Hafza Iqbal

Hafza Iqbal


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    Personal profile

    Research Interests

    Hafza rejoined the Centre for Trust, Peace and Social Relations in 2023 as a Research Assistant following the completion of her PhD in Islamic Practical Theology at the Centre. Hafza is a member of the Centre's Faith and Peaceful Relations research group and is interested mainly in the use of lived religious experience to enhance and create significant, contextualised and topical research and theological reflection. 

    Since gaining her PhD in 2022, Dr Iqbal has taken on the role of Research assistant on a project led by Prof. Kristin Aune researching Christian and Muslim higher education colleges and their work and experience of interfaith dialogue. She also works in capacity of Research Fellow on an oral history project led by Prof. Sariya Cheruvallil-Contractor researching the experience of Black social workers in Britain. 

    Dr Iqbal also holds a position of Course lead and lecturer in Islam and Pastoral care at the Markfield Institute of Higher Education where she lectures a variety of modules at both undergraduate and postgraduate level. 


    PhD Project

    During her doctoral research Hafza theorised Islamic Practical Theology as an innovative epistomological framework for the study of Islam and Muslim communities. Arguing that the Islamic intellectual traditional used Practical Theology as part of its intellectual and spiritual framing, Hafza theorised using classical Islam works and articulated a framework for Islamic Practical Theology and its usage in contemporary research.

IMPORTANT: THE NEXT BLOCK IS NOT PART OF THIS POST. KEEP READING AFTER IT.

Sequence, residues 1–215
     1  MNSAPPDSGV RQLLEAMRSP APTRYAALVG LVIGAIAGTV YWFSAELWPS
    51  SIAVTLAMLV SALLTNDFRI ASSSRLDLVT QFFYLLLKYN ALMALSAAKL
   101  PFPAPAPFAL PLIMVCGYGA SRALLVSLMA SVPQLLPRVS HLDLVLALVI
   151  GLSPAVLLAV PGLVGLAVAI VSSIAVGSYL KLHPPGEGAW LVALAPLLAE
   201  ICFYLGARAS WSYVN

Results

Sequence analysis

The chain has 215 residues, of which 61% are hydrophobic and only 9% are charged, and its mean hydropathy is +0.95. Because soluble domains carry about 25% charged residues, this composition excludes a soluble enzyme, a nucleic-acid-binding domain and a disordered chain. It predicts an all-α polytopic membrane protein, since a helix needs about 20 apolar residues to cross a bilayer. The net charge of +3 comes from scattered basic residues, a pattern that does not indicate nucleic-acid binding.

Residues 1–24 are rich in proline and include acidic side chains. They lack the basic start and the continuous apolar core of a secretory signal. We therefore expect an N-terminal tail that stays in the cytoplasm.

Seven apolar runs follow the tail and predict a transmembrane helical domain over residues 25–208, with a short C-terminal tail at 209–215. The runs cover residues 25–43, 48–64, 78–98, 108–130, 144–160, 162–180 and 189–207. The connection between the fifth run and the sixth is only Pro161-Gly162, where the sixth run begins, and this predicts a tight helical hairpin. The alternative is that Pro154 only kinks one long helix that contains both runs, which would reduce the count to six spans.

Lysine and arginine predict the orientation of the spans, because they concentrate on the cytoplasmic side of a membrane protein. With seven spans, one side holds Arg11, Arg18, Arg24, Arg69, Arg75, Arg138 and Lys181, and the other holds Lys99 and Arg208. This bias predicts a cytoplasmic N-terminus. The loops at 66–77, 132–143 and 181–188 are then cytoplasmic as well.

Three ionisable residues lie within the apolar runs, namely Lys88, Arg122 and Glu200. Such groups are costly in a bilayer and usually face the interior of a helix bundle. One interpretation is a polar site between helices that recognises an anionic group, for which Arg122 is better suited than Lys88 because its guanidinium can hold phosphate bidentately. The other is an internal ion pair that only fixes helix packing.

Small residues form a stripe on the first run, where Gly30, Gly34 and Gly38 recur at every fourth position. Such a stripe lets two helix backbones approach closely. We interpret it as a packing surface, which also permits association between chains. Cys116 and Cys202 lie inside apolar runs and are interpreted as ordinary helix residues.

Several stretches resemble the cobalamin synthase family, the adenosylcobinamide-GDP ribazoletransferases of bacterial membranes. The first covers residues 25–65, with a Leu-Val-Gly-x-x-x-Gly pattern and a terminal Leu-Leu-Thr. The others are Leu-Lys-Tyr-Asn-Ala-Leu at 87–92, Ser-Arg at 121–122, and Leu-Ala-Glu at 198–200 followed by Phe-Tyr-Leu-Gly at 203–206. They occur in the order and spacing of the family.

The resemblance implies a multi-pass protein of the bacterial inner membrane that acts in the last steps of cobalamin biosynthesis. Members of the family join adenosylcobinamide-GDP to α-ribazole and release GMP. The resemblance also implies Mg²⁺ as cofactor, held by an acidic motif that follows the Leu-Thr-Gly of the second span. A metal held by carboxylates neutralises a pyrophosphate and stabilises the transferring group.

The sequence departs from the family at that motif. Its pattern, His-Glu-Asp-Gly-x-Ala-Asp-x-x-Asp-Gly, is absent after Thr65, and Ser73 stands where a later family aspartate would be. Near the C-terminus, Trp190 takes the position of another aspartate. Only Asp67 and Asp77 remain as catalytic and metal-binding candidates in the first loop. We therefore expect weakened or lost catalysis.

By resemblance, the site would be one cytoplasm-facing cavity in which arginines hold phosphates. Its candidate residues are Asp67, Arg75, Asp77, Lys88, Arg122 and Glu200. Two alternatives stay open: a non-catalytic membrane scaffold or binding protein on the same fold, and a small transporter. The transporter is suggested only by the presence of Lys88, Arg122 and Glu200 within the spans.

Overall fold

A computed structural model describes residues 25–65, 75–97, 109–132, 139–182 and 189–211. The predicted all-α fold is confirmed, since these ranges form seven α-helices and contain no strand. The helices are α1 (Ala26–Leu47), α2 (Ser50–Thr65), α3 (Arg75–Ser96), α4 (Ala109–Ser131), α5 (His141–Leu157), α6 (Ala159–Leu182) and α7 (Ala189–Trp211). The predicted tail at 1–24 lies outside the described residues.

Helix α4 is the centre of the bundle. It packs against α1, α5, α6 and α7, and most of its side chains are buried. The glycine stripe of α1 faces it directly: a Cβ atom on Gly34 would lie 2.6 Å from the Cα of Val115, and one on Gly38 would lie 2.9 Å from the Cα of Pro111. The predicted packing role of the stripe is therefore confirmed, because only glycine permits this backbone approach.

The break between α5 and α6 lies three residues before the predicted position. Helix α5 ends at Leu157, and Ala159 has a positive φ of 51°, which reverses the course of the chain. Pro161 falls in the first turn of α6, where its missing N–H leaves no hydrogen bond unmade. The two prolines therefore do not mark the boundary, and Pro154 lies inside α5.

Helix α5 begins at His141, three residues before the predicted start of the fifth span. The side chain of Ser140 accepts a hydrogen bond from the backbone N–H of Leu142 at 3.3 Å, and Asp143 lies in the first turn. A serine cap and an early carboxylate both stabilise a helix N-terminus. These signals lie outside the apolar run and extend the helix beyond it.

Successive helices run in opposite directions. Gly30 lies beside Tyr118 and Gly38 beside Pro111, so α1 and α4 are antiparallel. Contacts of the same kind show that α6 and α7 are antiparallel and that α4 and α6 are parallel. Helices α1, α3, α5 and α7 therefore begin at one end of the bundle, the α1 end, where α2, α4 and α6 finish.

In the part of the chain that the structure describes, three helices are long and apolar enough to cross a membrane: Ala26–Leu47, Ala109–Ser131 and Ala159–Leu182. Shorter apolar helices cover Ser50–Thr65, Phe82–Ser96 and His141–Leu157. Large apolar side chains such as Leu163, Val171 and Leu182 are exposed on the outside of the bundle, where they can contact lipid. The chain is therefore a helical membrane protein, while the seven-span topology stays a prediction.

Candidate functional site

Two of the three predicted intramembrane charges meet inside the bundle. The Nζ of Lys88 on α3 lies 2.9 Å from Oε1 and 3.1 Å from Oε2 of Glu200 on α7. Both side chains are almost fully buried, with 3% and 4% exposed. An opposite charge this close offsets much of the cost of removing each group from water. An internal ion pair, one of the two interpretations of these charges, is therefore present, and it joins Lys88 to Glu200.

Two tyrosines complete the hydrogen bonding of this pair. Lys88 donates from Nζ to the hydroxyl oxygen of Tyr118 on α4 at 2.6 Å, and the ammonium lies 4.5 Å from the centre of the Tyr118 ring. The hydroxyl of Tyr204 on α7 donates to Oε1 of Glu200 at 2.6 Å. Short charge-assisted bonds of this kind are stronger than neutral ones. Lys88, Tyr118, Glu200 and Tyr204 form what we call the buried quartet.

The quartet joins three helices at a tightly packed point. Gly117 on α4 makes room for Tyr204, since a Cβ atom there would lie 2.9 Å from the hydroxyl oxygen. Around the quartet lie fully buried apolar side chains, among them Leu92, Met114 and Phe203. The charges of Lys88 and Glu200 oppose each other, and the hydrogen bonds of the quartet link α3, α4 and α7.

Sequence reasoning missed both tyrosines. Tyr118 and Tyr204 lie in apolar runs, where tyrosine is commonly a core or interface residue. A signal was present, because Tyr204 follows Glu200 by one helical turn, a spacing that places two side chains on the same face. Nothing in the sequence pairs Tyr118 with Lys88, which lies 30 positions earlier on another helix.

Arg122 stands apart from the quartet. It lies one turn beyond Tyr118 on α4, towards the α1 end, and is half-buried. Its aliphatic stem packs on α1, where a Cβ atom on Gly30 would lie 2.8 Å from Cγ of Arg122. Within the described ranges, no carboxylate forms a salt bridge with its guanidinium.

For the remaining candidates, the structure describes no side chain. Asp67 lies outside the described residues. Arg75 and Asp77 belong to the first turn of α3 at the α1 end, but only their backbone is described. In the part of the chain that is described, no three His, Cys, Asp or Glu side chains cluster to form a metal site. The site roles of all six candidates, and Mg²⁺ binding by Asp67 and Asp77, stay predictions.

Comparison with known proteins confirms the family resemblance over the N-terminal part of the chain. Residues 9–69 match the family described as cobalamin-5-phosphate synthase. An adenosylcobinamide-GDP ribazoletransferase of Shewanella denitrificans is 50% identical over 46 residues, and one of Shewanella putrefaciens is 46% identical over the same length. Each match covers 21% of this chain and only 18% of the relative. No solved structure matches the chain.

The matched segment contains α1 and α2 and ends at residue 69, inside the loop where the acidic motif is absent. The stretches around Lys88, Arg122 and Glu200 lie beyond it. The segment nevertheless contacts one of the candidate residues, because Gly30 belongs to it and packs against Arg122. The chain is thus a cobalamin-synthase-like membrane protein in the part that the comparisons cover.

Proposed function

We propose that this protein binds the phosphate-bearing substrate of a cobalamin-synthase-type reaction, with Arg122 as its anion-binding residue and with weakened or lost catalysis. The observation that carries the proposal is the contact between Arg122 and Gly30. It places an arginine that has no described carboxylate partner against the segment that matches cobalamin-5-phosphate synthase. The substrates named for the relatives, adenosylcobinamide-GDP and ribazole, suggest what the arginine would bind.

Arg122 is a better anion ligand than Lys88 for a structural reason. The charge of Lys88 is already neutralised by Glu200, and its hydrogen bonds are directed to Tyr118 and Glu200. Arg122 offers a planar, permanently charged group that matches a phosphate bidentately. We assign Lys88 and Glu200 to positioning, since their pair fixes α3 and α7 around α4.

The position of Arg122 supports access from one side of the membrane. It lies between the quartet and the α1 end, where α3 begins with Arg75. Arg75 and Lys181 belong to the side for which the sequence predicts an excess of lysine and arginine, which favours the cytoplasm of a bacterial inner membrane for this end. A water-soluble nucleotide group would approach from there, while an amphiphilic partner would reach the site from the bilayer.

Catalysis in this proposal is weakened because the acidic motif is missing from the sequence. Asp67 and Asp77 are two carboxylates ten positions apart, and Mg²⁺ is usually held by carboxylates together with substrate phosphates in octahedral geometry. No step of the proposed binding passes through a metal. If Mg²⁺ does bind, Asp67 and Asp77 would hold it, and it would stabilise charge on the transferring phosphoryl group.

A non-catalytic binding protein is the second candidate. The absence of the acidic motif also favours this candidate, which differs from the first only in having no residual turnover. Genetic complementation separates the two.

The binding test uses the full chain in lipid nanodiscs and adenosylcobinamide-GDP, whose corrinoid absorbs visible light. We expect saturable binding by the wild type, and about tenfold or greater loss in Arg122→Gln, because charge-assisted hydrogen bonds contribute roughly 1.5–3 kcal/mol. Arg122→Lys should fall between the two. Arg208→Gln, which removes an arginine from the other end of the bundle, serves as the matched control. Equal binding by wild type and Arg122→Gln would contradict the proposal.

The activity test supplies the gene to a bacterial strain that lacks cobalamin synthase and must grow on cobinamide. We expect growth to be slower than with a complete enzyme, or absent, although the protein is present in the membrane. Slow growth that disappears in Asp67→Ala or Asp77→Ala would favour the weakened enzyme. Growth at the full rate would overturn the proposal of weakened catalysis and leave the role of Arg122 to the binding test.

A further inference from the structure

The title of her project is "Sufi Hybrids; a theorisation of Islamic Practical Theology; An exploration of Sufism in contemporary Britain". Within the project, using the epistomological framework of Practical Theology, Hafza used ethnographic methods (including auto-ethnography) to conduct insider research of the Sufi communities of Britain. Within which Hafza created a typology of Sufis of Britain, conducted interviews with Sufi practictioners and concluded that within the Sufi tradition of Britain, there was an element of religious and spiritual hybridity. 

    Hafza also explored the intra-religious dichotomy between the Sufi and Salafi groups, aiming to nuance the sectarian narrative that these groups are often involved with, aiming to complexify and go beyond the dichotomy. 

    Education/Academic qualification

    Theology, MA, University of Birmingham

    10 Sept 201510 Sept 2016

    Award Date: 10 Sept 2016

    Theology, Postgraduate Diploma, Diploma in Usool al-deen , Madina Institute

    15 Dec 201310 Dec 2014

    Award Date: 10 Dec 2014

    External positions

    Course Lead, Markfield Institute of Higher Education

    15 Aug 2023 → …


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